The first thing you need to know is that the camera always lies. Light the subject from above, and cheekbones emerge from the face. Add a softbox, and the years slide away. Shift a reflector and the world moves with it. The ultimate lesson is that the most powerful force is light.
I remember the exact moment I realised I was fat. It was Christmas. I was 12. I was standing in my grandmother’s spare room, the lace curtains filtering the sunlight into soft licks. I remember the pants distinctly: a pair of pale-blue and white short trousers, fitted at the thighs. They were patterned with flowers, a pastel Eden.
As I passed the mirror, I saw a stranger. The body I had looked at my whole life had shifted in a single moment of monstrous clarity. The thighs strained the seams of the floral pants. The stomach was distended and bloated. Only the face I recognised as mine. I had the sensation of expanding uncontrollably, fat bubbling under my skin, flooding my clothes.
As a child, I had checked the mirror to admire my surfaces: outfits and expressions. I had never given much thought to what lay underneath. In this room smelling of powder, I looked at myself for the first time with an adult gaze. I looked at my body and used a word I had never used for it before and, in doing so, I was altered irrevocably. Words are weapons. As I called myself fat, I went to war.
Over the next four years, the weight dropped, etc etc. Plateaued, etc etc. I doubled down, etc etc. You know this story. You’ve heard it before. Like a stock image, it is too familiar. You’ve heard it too many times. The details shift slightly. Only the endings are different.
I came out of it like someone waking from a deep sleep, like rising through dark water. At 16, I had been sent home again by the school nurse. I cannot remember her face, just the light through the doorway to her office, on the edge of a courtyard filled with roses. My mother made me lunch for the first time in years. I sat at the kitchen table eating a mug of packet soup and a sandwich. It was more food than I’d eaten in one sitting in a long time.
There was a strange and unfamiliar feeling. It started as a spark in my chest and trickled outwards. I felt life spread through me, the nourishment warm in my bones. It felt as though I’d cleaned my glasses: the world crisp and solid and real. I realised, quietly and stupidly, cow-like, daft, that food made you feel good. That the brittle, toffee-like fragility of existence was softened by eating. In that moment, I stepped from one life into another.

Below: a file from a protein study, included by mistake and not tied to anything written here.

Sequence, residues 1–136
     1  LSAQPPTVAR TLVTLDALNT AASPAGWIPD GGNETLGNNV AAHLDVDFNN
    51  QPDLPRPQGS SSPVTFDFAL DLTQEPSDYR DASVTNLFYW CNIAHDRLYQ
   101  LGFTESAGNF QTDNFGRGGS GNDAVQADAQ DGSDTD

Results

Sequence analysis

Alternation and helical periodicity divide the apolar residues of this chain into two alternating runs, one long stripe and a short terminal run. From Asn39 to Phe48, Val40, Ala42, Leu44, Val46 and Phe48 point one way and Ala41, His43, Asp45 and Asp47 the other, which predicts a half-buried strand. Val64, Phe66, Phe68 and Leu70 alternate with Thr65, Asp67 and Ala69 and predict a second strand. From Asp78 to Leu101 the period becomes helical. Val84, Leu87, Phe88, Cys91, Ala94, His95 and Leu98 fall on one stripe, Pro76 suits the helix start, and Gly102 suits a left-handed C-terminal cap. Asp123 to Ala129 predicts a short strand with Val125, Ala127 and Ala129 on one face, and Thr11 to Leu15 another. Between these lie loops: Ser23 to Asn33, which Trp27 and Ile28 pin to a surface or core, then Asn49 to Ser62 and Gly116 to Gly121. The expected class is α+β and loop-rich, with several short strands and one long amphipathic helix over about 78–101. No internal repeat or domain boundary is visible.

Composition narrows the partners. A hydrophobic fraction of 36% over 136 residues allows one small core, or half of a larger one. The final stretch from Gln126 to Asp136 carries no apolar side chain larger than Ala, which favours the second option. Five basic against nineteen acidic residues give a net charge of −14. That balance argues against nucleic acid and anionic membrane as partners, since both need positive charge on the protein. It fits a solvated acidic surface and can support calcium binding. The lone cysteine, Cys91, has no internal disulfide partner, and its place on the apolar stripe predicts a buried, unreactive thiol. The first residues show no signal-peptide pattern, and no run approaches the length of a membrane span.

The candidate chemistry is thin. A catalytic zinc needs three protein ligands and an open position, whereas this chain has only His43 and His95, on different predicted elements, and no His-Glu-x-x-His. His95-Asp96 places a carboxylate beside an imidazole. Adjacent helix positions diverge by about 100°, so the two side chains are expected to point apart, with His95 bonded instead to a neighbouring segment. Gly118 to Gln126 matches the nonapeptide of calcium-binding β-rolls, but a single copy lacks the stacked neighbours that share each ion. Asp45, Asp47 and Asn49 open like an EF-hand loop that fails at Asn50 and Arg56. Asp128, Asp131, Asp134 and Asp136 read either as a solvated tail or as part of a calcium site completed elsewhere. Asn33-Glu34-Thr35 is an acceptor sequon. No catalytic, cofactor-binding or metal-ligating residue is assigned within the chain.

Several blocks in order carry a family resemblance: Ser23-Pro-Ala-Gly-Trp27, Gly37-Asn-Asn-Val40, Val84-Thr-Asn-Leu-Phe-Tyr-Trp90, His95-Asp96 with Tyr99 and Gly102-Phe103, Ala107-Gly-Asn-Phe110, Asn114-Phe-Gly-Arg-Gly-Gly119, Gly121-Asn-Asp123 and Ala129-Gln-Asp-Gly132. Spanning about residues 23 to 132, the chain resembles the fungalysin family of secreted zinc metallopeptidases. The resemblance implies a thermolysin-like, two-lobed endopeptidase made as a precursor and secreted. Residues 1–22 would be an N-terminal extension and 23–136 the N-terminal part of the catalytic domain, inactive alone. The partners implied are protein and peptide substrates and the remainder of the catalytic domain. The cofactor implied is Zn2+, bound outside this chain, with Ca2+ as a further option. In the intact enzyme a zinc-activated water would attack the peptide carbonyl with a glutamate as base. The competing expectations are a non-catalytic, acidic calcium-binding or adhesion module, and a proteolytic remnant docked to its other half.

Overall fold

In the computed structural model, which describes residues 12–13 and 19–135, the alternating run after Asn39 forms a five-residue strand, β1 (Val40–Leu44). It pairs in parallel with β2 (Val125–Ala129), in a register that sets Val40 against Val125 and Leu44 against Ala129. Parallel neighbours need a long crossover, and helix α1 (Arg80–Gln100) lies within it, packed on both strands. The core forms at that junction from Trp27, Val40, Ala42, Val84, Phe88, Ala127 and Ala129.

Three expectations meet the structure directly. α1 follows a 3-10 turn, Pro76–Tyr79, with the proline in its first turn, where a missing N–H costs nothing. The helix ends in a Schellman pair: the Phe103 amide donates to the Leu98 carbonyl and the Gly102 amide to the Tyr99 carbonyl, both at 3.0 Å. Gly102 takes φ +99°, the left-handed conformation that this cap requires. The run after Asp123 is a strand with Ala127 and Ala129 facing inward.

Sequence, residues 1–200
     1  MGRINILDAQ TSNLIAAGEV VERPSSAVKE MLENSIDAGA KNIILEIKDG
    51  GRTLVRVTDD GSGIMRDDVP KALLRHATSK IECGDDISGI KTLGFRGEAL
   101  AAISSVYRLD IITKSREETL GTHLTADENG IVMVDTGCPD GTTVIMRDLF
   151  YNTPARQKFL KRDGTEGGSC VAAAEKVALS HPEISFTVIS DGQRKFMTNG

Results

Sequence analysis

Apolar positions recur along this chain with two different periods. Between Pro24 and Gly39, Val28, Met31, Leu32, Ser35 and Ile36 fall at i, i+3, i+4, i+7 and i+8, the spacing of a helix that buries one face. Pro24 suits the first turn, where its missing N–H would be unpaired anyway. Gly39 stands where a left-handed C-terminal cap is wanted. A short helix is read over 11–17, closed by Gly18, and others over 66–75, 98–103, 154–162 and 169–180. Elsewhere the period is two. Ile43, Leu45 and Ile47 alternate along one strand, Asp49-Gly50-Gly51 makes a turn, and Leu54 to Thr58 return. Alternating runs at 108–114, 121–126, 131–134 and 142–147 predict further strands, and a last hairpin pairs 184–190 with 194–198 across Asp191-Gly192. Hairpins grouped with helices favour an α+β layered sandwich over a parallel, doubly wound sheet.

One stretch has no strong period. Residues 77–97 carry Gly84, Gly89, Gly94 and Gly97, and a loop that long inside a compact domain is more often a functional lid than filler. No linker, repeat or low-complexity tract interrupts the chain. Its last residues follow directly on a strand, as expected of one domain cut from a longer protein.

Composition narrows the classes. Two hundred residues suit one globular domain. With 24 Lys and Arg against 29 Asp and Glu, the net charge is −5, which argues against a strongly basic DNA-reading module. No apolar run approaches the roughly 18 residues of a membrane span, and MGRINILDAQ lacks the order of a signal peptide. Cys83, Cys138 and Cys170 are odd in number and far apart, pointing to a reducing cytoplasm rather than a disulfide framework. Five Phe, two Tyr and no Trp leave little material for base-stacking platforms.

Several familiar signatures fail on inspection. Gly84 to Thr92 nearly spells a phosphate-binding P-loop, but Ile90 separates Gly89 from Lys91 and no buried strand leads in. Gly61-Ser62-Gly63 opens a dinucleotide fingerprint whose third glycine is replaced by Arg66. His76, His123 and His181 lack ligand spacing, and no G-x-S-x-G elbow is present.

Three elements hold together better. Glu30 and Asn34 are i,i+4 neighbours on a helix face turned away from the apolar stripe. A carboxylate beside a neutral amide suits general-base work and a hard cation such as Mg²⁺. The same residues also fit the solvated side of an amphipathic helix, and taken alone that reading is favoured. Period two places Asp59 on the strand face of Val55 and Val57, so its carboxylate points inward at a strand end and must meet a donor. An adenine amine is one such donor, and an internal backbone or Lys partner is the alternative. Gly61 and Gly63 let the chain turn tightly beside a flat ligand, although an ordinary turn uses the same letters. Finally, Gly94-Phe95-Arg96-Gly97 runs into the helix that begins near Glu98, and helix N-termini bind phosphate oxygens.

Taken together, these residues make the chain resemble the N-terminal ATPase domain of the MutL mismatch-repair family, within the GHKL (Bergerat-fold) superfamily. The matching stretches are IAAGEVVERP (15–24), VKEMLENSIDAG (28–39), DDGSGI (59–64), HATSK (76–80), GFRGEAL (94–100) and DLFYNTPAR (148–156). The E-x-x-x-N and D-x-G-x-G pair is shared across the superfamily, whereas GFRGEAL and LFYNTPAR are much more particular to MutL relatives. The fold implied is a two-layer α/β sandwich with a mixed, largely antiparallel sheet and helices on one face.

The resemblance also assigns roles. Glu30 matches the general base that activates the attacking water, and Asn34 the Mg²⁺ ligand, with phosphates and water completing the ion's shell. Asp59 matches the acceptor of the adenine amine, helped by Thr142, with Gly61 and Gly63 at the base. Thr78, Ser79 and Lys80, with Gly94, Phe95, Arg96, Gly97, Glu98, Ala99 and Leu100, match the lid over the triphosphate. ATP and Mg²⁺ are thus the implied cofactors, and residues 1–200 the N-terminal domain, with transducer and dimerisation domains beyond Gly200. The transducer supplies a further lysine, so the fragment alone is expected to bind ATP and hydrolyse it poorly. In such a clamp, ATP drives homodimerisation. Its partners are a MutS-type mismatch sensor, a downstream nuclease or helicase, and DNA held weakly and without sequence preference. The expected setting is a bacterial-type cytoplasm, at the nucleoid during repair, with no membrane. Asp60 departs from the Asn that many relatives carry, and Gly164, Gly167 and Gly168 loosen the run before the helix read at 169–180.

I came out of it like someone waking from a deep sleep
My memories of the years after bloom with bright, saturated colour. In my 20s, I revealed to a female friend my starved little secret. I was expecting hushed words, shock, pity. Instead, she nodded. ‘So, basically, you were a teenage girl?’
At university, my newfound freedom expanded my social circle and my dress size simultaneously. Now, I rolled through a world with no limits. After years of bodily punishment, I discovered the hedonistic thrills of bodily pleasure. I gorged on sex and food with the fervour of the starved. My heart was wild with feeling. It grew along with my thighs. I watched my body’s progress with curiosity and fear. I knew how to starve it, and I was learning how to swell it, but I had never learnt how to care for it.
I found other avenues for my discipline. When I first picked up a camera, in my first semester of university, I took a self- portrait every day for a year. At 18, I learnt how to light, how to edit, how to expose and how to hide. I was my own most patient and devoted model.
Taking control of my image
Across that year, I put on weight, but to look at the images, you’d think the opposite was true. I took control over the visual narrative of my life. I learnt the trickery of it, how to tell the camera what to notice. How to elevate the tripod so that a shadow fell hard under my chin. How to tilt my head slightly to the right to make my eyes seem bigger and my jawline sharper. How to smile viably, charmingly into the cold eye of the lens.
I built a portfolio of myself online. To those in the digital no-space of the virtual realm, I was unfailingly creative, flirtatious, effortless. Men twice my age messaged me, confessing that their wives didn’t satisfy them, asking if I’d consider flying interstate to meet. I was sexy in the images in a way I had never been in life. I had lost the capacity to control my body in the real world, but I could control how it represented me online.